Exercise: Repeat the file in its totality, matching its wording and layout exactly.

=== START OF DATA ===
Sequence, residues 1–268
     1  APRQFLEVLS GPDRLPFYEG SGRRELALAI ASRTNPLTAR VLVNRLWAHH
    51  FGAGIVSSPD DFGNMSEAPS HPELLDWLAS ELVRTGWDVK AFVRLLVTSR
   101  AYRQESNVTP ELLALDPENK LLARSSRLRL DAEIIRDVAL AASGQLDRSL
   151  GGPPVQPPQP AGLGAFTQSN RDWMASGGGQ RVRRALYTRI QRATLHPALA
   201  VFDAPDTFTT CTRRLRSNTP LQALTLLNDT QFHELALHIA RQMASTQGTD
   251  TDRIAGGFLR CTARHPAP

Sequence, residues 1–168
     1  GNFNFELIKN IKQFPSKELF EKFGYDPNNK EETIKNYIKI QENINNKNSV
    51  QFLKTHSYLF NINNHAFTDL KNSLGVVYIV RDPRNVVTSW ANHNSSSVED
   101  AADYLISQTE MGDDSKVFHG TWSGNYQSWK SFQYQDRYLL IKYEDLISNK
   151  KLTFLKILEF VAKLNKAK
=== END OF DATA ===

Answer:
Sequence, residues 1–268
     1  APRQFLEVLS GPDRLPFYEG SGRRELALAI ASRTNPLTAR VLVNRLWAHH
    51  FGAGIVSSPD DFGNMSEAPS HPELLDWLAS ELVRTGWDVK AFVRLLVTSR
   101  AYRQESNVTP ELLALDPENK LLARSSRLRL DAEIIRDVAL AASGQLDRSL
   151  GGPPVQPPQP AGLGAFTQSN RDWMASGGGQ RVRRALYTRI QRATLHPALA
   201  VFDAPDTFTT CTRRLRSNTP LQALTLLNDT QFHELALHIA RQMASTQGTD
   251  TDRIAGGFLR CTARHPAP

Sequence, residues 1–168
     1  GNFNFELIKN IKQFPSKELF EKFGYDPNNK EETIKNYIKI QENINNKNSV
    51  QFLKTHSYLF NINNHAFTDL KNSLGVVYIV RDPRNVVTSW ANHNSSSVED
   101  AADYLISQTE MGDDSKVFHG TWSGNYQSWK SFQYQDRYLL IKYEDLISNK
   151  KLTFLKILEF VAKLNKAK